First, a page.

Blundering DVLA officials have come under fire for sending bundles of driving licence application forms to websites that are seemingly bent on ripping off motorists.
Most modern photocard licences are valid for 10 years and there is a legal requirement to renew them at least once a decade. Drivers over 70 must update theirs every three years.
The renewal process is free for the elderly but drivers aged under 70 are charged a fee of £20. Meanwhile new full and provisional licences cost £50.
However, it’s emerged soaring numbers of people are being caught out by websites which dupe them into handing over £50 just to fill out the driving licence application and send it to them in the post.
Incredibly, the sites have been helped to carry out the “legal” con by the DVLA which handed them thousands of official forms.
One unwitting victim, Dr Muhammed Zakria, 44, of Paisley, revealed he shelled out £50 to one site.
He complained: “When the form came back it was incomplete and was accompanied by a note asking me to send a further £50 to the DVLA.
“The site looked remarkably like an official government website and even its web address suggested it was authentic.
“I was applying for my wife Nadia’s provisional licence but was stunned to receive an incomplete form. When I called the customer helpline three times I was kept on hold so long I ran up a bill for £19.
“It’s a scam and should be stopped. We’re surprised to discover the DVLA gave them the application forms.”
Dr Zakria’s anger is echoed by dozens of complaints on social networking sites. SNP MSP George Adam is now campaigning for a clampdown on the websites.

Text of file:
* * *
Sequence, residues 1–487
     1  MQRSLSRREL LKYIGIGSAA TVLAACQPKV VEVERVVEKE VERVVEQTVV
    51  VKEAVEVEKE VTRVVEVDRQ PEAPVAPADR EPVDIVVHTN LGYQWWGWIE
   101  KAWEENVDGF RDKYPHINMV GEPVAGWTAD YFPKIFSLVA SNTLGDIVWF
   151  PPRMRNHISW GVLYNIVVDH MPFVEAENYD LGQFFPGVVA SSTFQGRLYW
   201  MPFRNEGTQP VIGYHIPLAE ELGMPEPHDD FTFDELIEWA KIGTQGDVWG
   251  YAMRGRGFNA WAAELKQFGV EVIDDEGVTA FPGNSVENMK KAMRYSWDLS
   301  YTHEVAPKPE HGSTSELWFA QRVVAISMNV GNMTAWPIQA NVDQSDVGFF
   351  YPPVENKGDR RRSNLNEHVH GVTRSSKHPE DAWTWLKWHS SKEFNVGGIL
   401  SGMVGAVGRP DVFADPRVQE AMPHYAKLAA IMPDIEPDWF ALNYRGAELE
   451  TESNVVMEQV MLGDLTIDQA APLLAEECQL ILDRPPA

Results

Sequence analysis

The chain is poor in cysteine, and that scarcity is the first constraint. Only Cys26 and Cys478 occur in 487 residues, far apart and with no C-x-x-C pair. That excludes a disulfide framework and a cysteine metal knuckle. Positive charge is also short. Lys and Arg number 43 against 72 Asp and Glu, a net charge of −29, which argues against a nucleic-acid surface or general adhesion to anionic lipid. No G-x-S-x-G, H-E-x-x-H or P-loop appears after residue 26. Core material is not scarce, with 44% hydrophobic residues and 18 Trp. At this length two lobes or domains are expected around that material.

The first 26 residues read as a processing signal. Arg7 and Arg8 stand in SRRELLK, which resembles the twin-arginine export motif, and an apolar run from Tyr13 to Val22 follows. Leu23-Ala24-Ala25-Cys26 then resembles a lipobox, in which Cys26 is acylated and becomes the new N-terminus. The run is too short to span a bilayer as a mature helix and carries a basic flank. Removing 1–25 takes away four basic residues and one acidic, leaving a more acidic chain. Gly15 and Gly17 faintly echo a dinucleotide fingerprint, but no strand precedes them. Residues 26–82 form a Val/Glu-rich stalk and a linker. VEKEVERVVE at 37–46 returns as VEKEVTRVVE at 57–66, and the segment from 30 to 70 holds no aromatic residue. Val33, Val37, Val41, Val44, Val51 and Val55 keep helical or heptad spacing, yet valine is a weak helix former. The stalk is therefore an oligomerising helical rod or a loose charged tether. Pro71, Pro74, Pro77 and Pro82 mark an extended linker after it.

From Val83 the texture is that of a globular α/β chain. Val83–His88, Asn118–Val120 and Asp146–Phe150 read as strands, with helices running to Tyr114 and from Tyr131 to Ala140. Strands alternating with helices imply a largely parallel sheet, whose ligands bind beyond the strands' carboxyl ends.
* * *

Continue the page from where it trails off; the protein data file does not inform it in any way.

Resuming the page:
He said: “It is shocking that people are parting with £50 thinking that they are applying to the government for a driving licence.
“I was approached by Mrs Zakria after she and her husband failed to get any response from the website which took their money.
“The DVLA has since confirmed that this is legal, but a ‘legal con’.
“It has prompted me to ask our transport spokesman at Westminster, Angus McNeil, for his support in lobbying for legislation to outlaw this.”
A spokeswoman for the Advertising Standards Agency added: “It’s not acceptable for companies to mislead people into thinking they’re an official service.
“We encourage anyone who is unsure about claims a company is making to lodge a complaint with us so we can look into it.”
The DVLA claimed it has stopped sending bulk orders of licence application forms to the websites.
A spokesman said: “I can confirm that as part of our commitment to improving customer services and increasing take-up of our digital services we stopped issuing bulk stocks of our forms earlier this year.
“GOV.UK is the first stop for all government services and motorists should be aware that other websites may charge additional fees for providing checking services.”
It also confirmed that paper application forms can be obtained from the Post Office.
We contacted one of the sites implicated in the so-called scam, drivinglicences.org.uk, but it failed to answer the phone or reply to our online request for a comment.
The row over the sites comes only months after it emerged millions of holidaymakers were being duped by firms charging for EU health cover cards which are issued free by the NHS.
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